Adrenal glands, which are also called suprarenal glands, are small, triangular glands located on top of both kidneys. An adrenal gland is made of two parts: the outer region is called the adrenal cortex and the inner region is called the adrenal medulla.
The adrenal glands release three main hormones from the cortex. The first group are called glucocorticoids, the main one being cortisol. Ongoing stress, whether it is physical, mental or emotional, will release cortisol, which helps regulate sugars, but also reduces inflammation and allergic responses. Cortisol also plays a role in heart disease, thyroid disorders and oxidative stress.
Normal Cortisol levels are necessary to regulate the immune system, glucose and lipid (fat) metabolism and maintain cardiac output by increasing vascular tone and decreasing vascular permeability.
Abnormal cortisol levels are associated with hypertension, increased heart rate and increased levels of total and low-density lipoproteins, cholesterol, fasting insulin and glucose levels.
Cortisol increases glucose levels and as such is an important factor in the development of Type II diabetes (Diabetes Mellitus).
The second main group is the ketosteroids, the main one being DHEA. It converts into our sex hormones: estrogen, progesterone and testosterone.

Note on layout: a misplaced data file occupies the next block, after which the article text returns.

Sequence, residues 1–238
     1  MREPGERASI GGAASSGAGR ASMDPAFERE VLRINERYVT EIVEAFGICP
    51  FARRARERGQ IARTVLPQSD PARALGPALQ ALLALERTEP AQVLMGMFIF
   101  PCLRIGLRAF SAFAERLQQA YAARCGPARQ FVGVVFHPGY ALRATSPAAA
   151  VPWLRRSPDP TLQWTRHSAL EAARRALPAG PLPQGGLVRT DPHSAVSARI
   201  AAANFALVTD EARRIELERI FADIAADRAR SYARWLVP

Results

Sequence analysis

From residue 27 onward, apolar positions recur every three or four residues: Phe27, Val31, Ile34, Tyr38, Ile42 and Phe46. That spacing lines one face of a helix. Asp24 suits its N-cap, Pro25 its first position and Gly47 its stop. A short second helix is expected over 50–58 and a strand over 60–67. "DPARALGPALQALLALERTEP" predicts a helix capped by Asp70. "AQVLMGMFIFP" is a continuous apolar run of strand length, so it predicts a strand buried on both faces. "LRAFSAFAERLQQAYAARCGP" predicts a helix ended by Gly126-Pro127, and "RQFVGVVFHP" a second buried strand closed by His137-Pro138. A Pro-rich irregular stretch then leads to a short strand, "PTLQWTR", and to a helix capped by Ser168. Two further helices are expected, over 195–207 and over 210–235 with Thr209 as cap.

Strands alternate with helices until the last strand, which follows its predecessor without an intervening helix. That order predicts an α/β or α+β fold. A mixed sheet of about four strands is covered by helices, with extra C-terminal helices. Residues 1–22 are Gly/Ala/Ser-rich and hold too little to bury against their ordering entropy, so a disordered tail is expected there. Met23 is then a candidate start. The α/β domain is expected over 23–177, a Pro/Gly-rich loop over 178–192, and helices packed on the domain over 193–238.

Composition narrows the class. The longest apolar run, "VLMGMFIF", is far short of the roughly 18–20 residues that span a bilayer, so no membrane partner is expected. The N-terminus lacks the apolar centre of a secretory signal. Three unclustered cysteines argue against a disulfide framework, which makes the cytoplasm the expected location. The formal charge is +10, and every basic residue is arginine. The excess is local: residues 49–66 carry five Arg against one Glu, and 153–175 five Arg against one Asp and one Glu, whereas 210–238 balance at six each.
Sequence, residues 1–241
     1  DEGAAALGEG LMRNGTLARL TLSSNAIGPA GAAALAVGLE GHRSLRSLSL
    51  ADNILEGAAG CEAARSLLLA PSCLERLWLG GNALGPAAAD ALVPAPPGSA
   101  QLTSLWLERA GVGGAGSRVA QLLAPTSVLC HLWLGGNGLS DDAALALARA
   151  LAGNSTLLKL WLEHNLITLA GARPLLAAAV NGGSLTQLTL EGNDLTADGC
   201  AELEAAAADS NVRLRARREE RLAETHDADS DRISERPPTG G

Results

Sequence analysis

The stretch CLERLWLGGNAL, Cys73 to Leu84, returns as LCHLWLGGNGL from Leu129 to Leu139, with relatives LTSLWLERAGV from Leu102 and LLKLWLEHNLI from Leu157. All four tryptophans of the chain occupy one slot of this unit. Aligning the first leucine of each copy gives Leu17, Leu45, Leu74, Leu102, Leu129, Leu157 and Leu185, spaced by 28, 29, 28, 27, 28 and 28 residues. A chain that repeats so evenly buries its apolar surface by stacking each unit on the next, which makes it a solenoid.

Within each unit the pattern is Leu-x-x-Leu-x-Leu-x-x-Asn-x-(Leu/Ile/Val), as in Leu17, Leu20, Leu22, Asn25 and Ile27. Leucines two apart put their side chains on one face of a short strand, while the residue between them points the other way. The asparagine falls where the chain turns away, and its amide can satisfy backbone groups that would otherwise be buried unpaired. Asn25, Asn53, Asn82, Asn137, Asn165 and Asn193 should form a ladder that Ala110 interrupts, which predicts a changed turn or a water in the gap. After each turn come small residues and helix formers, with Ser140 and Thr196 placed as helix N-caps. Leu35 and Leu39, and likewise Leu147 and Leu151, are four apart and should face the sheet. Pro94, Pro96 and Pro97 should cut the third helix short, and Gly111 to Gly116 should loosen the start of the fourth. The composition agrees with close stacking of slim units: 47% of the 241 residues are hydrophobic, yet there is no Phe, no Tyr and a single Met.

The third group are the mineralocorticoids, the main one being aldosterone. These help regulate the mineral balance, especially sodium and potassium levels. If stress is ongoing or long lasting, the balance of the hormones is upset and many areas may be affected.
Other symptoms of adrenal problem are low blood pressure, dizzy feeling on rising, sleep, mood swings, anxiety, nervousness, sadness, poor motivation, frustration, poor energy, frequent colds/flus, poor digestive function (gas, bloating, alternating diarrhea or constipation), mid- body weight gain, hormonal imbalances, problems with heavy bleeding, skipped cycles, cramping, PMS and night sweats.
Modern medical testing does not always give us a complete look at the subclinical function of our adrenals. alternative forms of testing are available.
Reviewing your family history of adrenal related diseases can be a good place to start.
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